Postcolonial theory studies the power and the continued dominance of Western ways of knowing, of intellectual enquiry. The work of Edward Said in the book Orientalism conceptually addresses the oppressed subaltern man and woman, to explain how the Eurocentric perspective of Orientalism produced the foundations and the justifications for the domination of the Other, by means of colonialism. Before their explorations of The Orient, the Europeans had created an imagined geography of the Orient, predefined images of savage and monstrous places that lay beyond the horizon of the known world. During their initial Oriental explorations, the Europeans' mythologies were reinforced, when the travellers returned to Europe with reports of monsters and savage lands. The concepts of the "difference" and the "strangeness" of the Orient were perpetuated through the mass communications media of the time and through discourse that created an "Us" and "Them" binary social relation with which the Europeans defined themselves by defining the differences of the Orient from the Occident, the European West. The Us-and-Them binary social relation was a foundation of colonialism, because it represented the Orient as backward and irrational lands, and, therefore, in need of European help to become modern, in the Western sense. Hence, the discourse of Orientalism is Eurocentric, and does not seek to include the voices of the Oriental peoples, the subalterns, themselves.[7][8]

The cultural theorist Stuart Hall argued that the power of discourse created and reinforced Western dominance. The discourses on how Europe described differences between itself (The West) and others, used European cultural categories, languages, and ideas to represent "The Other." The knowledge produced by such a discourse becomes praxis, which then becomes reality; by producing a discourse of "difference" Europe was able to maintain its dominance over "The Other", with a binary social relation between the European and The Other, thereby creating and establishing the Subaltern, made possible by excluding The Other from the production of the discourse.[9]

The voice of the subaltern

Engaging the Subaltern voice: the philosopher and theorist Gayatri Spivak.

Gayatri Spivak's line of reasoning was developed in Joanne Sharp's Geographies of Post colonialism (2008), who proposed that Western intellectuals relegate other, non-Western (African, Asian, Middle Eastern) forms of "knowing", of acquiring knowledge of the world, to the margins of intellectual discourse, by re-formulating said forms of knowing as myth and as folklore. To be heard and known, the subaltern must adopt Western ways of knowing, of thought, reasoning, and language; because of such Westernization, a subaltern people can never express their ways of knowing (thought, reasoning, language) and instead must conform expression of their non-Western knowledge of colonial life to Western ways of knowing the world.[10] Subalterns' abandonment of culturally customary ways of thinking and the subsequent adoption of Western ways of thinking are necessary in many situations. The subordinated can be heard by oppressors only by speaking the language of the rulers; thus, intellectual and cultural filters of conformity muddle the true voice of the subaltern. For example, in Colonial Latin America, non-elites must conform to the colonial culture and use the filters of religion and servitude, in the language, when addressing the Spanish Imperial rulers. To make their appeals to the crown effective, slaves and natives would address the rulers in ways that might mask their own ways of speaking.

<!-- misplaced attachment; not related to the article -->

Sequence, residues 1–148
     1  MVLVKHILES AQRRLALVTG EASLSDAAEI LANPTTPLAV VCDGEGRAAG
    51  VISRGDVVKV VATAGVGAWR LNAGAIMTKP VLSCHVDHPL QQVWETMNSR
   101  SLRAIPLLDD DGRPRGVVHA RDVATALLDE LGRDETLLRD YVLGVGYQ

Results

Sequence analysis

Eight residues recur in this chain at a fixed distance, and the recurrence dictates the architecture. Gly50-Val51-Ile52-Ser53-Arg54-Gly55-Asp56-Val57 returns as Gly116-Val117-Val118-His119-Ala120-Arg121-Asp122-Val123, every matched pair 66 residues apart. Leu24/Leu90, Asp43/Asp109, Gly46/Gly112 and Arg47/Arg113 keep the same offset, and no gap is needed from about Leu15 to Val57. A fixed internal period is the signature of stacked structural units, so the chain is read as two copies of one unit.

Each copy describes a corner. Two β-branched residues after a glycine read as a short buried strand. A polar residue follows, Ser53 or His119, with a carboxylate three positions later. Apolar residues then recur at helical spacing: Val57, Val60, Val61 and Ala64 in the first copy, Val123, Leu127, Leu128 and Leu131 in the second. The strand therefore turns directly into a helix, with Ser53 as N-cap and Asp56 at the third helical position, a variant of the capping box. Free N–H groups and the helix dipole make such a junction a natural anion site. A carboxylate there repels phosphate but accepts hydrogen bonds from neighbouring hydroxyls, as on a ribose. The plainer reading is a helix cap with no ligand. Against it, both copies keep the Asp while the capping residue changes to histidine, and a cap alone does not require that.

Early modern historian Fernando Coronil said that the goal of the investigator must be "to listen to the subaltern subjects, and to interpret what I hear" and to engage them and interact with their voices. We cannot ascend to a position of dominance over the voice, subjugating its words to the meanings we desire to attribute to them. That is simply another form of discrimination. The power to narrate somebody's story is a heavy task, and we must be cautious and aware of the complications involved.[11] Spivak and bell hooks (Gloria Jean Watkins) question the academic's engagement with the Other, and argue that, to truly engage with the subaltern, the academic would have to remove him or herself as "the expert" at the center of the Us-and-Them binary social relation. Traditionally, the academic wants to know about the subaltern's experiences of colonialism, but does not want to know the subaltern's (own) explanation of his or her experiences of colonial domination. According to the received view in Western knowledge, hooks argued that a true explanation can come only from the expertise of the academic, thus, the subordinated subject, the subaltern surrender knowledge of colonialism for the use of the Western academic; hooks describes the relationship between the academic and the subaltern: